Understanding Weather – not predicting – 02 November 2012
Sadly Sandy took the weather headlines but gave two pertinent practical pointers regarding Namibia. As a source of energy, wind has long had its protagonists. Our experience stems from a coastline where, with but brief exception, consistent flow predominates on a 24/7 basis without extremes and their damaging potential. While extremes were in evidence though, the power potential also was equally evident. The other positive is solar: with some 3000 hours each year across over 95% of the country, this sets us apart. Coupled with this we have an agriculturally provident land area. Not everybody living beneath the Sub-Tropical High Pressure Belt can match our situation!
Global Warming has established itself with no uncertainty. Sea temperature has also reflected this. The equatorial Pacific reflects the disarray also, while warmer stretches appear variously around the world. Vital temperature benchmarks are breached with new records set almost every year.
Maritime tropical storms require a 29oC base from which to form. Our concern is the not-so-distant Mozambique Channel. Tropical Cyclones do have a history of intrusion west of Madagascar, more surely when the Mauritius anticyclone stabilizes so steering such storms further westward. The vortex provides a vast ring of convection which supplies an outward, surrounding ring of air beneath which convection is suppressed and dry weather prevails. The risk of this weather prevailing increases accordingly.
This last week our weather provided an example of this. The southward disturbances came and went with a reviving air flow from the east enhancing mid-level, moister, airflow. Cloud development was the most substantial yet of the new season. Occasional thundery outbreaks were subsequently recorded. The mix of airflows kept unstable, moister air active across northern Namibia from the escarpment eastward. Departure eastward was delayed until midweek. Being a rather shallow level of disturbance, the occasional showers were of limited intensity. October is really no more than a month of occasional showers. In that regard, it was a very normal October.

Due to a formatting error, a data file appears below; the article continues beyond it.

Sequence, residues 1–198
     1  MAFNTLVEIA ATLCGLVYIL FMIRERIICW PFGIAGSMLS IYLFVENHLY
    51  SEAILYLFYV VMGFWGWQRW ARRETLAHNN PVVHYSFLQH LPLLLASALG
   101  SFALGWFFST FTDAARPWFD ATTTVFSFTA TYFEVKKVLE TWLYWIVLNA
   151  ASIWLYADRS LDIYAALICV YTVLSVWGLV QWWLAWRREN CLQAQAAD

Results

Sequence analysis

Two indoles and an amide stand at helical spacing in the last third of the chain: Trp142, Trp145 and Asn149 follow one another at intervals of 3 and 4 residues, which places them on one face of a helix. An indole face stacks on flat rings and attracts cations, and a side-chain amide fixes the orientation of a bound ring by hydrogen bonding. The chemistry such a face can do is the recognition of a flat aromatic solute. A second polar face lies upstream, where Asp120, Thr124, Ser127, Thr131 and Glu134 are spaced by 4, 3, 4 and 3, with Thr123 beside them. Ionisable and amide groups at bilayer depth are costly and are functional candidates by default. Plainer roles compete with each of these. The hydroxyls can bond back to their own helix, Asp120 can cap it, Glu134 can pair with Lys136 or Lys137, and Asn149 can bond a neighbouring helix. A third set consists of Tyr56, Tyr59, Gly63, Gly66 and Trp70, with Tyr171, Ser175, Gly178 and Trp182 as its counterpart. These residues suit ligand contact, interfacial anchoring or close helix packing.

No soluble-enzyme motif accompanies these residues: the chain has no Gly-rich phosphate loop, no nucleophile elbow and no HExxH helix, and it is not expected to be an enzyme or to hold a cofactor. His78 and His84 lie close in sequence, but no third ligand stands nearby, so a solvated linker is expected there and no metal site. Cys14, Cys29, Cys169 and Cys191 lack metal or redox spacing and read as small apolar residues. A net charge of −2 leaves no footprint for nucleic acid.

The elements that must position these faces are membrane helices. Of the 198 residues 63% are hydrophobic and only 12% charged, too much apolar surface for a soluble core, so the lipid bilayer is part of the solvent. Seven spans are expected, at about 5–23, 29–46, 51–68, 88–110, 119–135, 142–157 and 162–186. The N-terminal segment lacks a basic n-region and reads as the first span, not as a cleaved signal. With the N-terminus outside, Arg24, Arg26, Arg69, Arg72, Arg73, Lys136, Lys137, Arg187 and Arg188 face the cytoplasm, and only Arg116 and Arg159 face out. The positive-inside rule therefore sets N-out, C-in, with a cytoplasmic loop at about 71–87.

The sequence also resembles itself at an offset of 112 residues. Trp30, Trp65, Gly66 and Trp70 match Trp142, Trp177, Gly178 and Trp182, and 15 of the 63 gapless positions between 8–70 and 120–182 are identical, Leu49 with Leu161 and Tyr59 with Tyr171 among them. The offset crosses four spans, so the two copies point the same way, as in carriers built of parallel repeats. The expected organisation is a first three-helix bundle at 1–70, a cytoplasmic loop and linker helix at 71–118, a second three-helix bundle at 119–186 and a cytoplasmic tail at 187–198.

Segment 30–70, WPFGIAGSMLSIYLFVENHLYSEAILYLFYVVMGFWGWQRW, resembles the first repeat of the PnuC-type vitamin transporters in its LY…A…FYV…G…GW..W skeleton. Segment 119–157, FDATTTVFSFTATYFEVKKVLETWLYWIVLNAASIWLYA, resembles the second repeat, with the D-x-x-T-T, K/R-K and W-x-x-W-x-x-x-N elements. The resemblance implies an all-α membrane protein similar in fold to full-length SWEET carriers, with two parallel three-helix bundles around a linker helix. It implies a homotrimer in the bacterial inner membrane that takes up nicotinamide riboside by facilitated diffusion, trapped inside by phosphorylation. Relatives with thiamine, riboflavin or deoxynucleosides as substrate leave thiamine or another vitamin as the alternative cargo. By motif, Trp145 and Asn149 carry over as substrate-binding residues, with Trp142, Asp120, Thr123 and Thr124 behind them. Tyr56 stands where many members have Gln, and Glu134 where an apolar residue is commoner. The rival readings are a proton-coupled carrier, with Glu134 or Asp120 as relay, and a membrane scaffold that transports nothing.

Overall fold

October showers typically vary from drops to only slight falls. Even the Caprivi is within such limits.
The daily heat-low lay more eastward, overnight cooling due to south to southeasterly flows affected the central to southern regions. Daytime heat saw veld-fire occurrence as a frequent risk.
A major surface anticyclone moves round the Cape, establishing an easterly flow which backs to northerly by weekend coupling with a shallow northerly flow up to the 700hPa level. Showers within a narrow band across central Namibia are likely, moving eastward during Sunday. Some persistence prevails in the Okavango catchment and eastward.
Moister conditions return only by mid-week. Again, frontal activity is restricted to beyond our south. Some showers in the north along the Angolan border up to Etosha but mainly sunny elsewhere.